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Cloudy skies ahead

Concluding the cloud computing tour: Lessons learned & tools galore

JAX Editorial Team
cloud
© Shutterstock / ktsdesign

Our cloud computing interview series may be over, but we learned a lot from the experts! Take a look at the recap and find out what you might have missed about the present and future of cloud computing.

Put away the tanning lotion and sunglasses because our skies are looking cloudy. Cloud-related technologies are growing at a rapid pace and therefore, we are trying to keep up.

According to the bi-annual CNCF survey, the “use of cloud-native technologies in production has grown over 200%”. Because of its popularity, here at JAXenter, we recently concluded our tour of cloud computing interview series. 13 experts weighed in on the present and future of this technology.

We want to say thank you to all of our interview guests and also take another look at the lessons learned and advice given. Here’s what you may have missed!

Tools of the trade

We asked the experts what their favorite tools, services, and platforms are. Be sure to act accordingly add these to your toolkit!

Abby Kearns: Obviously, Cloud Foundry is my favorite Platform as a Service (PaaS). Honestly, it would be my favorite even if I did not lead the Cloud Foundry Foundation, its open source software home. It continues to offer organizations the opportunity to automate as much of the application deployment and management process as possible, making it easy for developers to get their code into production as quickly as possible, while also making it simple for operators to manage and scale the platform and applications.

Abby Kearns is the Executive Director of Cloud Foundry Foundation.

Oleg Chunikhin: AWS, Azure, and Google Cloud – each has its own strengths and weaknesses. We tend to favor tools that allow us and our customers to mix and match, combine, develop and migrate application across clouds.

Oleg Chunikhin is the CTO of Kublr.

Ross Kukulinski: I’ve recently fallen in love with Visual Studio Code Live Share which allows my team to share a Visual Code session.  Everyone can collaborate on the same project and run commands in a shared terminal, all in real time.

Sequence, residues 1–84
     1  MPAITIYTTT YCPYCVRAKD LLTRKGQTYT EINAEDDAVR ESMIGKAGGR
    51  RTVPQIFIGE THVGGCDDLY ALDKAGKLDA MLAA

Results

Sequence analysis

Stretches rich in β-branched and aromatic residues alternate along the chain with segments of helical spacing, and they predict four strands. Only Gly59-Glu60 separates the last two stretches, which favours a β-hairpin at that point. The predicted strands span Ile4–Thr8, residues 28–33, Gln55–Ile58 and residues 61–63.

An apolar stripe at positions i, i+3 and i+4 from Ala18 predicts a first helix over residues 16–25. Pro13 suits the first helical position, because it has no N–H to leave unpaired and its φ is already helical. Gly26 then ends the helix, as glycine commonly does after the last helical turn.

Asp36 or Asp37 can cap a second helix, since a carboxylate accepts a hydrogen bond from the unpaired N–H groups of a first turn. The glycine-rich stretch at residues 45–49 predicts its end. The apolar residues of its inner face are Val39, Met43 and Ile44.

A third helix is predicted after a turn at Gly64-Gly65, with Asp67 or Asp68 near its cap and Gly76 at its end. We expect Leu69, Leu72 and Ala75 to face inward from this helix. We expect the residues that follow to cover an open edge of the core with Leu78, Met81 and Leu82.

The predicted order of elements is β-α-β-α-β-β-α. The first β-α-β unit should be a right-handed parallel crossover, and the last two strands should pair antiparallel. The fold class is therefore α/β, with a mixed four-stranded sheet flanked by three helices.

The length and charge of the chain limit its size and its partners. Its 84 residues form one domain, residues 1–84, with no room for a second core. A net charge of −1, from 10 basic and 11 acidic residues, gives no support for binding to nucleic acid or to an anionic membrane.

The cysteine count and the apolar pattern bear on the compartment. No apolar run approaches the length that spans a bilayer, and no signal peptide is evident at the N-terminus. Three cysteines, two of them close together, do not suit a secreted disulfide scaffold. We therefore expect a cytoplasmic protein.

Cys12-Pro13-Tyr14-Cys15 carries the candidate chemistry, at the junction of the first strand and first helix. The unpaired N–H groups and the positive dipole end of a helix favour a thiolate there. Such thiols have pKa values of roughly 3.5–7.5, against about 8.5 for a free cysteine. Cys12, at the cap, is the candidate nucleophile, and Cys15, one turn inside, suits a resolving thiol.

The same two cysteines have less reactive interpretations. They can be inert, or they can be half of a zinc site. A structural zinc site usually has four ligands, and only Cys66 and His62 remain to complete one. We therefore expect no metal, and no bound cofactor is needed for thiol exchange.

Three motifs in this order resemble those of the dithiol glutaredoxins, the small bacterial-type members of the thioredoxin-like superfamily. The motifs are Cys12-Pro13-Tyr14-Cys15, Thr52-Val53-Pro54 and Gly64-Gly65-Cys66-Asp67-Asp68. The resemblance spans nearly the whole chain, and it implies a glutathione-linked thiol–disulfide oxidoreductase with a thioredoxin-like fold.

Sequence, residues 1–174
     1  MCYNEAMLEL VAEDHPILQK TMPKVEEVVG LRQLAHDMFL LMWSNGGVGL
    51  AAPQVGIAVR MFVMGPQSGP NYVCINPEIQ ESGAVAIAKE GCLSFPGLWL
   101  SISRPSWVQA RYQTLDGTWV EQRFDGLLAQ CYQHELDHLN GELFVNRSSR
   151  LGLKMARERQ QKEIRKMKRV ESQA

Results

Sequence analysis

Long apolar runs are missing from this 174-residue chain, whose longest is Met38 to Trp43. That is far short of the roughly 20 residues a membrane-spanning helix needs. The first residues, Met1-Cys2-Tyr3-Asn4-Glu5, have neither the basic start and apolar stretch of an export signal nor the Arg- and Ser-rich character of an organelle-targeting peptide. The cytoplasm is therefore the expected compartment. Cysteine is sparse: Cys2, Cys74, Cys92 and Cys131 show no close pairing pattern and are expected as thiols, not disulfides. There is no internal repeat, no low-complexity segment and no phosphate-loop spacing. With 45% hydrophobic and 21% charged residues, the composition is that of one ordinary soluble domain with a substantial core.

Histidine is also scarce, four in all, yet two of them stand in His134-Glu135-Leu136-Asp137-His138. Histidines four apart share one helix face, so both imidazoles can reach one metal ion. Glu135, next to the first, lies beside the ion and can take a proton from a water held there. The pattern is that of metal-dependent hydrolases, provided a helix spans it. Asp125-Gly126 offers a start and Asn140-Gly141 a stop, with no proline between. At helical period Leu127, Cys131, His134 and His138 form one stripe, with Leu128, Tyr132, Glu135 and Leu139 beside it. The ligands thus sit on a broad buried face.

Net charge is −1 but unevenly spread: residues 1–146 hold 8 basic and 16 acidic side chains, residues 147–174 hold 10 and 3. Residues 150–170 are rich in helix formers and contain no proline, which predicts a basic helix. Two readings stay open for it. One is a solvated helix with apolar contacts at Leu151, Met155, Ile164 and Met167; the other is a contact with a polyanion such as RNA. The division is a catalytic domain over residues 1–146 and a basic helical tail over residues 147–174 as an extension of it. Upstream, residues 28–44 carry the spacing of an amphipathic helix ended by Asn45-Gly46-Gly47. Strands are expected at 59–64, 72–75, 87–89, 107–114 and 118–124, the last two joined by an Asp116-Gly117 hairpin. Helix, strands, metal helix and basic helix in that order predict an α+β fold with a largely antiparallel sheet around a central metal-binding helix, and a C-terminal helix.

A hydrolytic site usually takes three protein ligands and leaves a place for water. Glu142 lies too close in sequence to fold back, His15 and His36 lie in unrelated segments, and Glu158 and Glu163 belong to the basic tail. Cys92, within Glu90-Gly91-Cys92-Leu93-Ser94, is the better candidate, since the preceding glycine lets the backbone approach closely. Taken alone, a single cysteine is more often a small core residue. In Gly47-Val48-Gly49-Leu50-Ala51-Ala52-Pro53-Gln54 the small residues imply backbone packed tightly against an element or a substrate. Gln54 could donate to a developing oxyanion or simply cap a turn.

Ross Kukulinski is Senior Project Manager at Heptio.

Carlos Sanchez: In particular, the Google Kubernetes Engine makes application deployment much easier and far less complex compared to more traditional tools as it abstracts infrastructure elements.

Carlos Sanchez is the Principal Software Engineer at CloudBees.

Shiven Ramji: Personally, my favorite cloud tools at the moment are services that make hosting website front-ends very easy. Netlify and Zeit have built some neat tools for specific developers and use cases, and I also like VS Code because it has powerful features with little configuration.

Shiven Ramji is VP of Product at DigitalOcean.

Vince Arneja: IFTTT – If you loved geometry like myself, that’s why I love IFTTT (if this then that), which uses conditional statements to sync your favorite online accounts.

Vince Arneja is Chief Product Officer at 5nine.

The good, the bad, the cloud

On one hand, we know there are a lot of benefits of cloud-based infrastructures. Despite this, are there any drawbacks? The experts weighed both sides. Given these points, you can make your own informed choice.

Terry Shea: Benefits are speed of deployment, scalability, and operational as opposed to capital expenses. Drawbacks are the decentralization of spend decisions, cloud-vendor lock-in, and high scaling can equal high cost.

Terry Shea is a member of the senior management team at Kublr.

Shiven Ramji: Cloud infrastructure is often cheaper than legacy data centers, enables more agile development and also offers performance benefits when actually running applications…For enterprises, migrating to the cloud is often a very challenging prospect, which involves a lot of moving parts.

Abby Kearns: A cloud-based infrastructure enables businesses to take advantage of all the benefits the cloud can bring  – which means allowing applications to be more agile, scale quickly, be resilient, and be available to customers and employees wherever there is internet. The only drawback is that in order for applications to take advantage of all of this automation, they need to be written in a cloud-native way – meaning they should be written in a way that does not require stateful connections to specific infrastructure.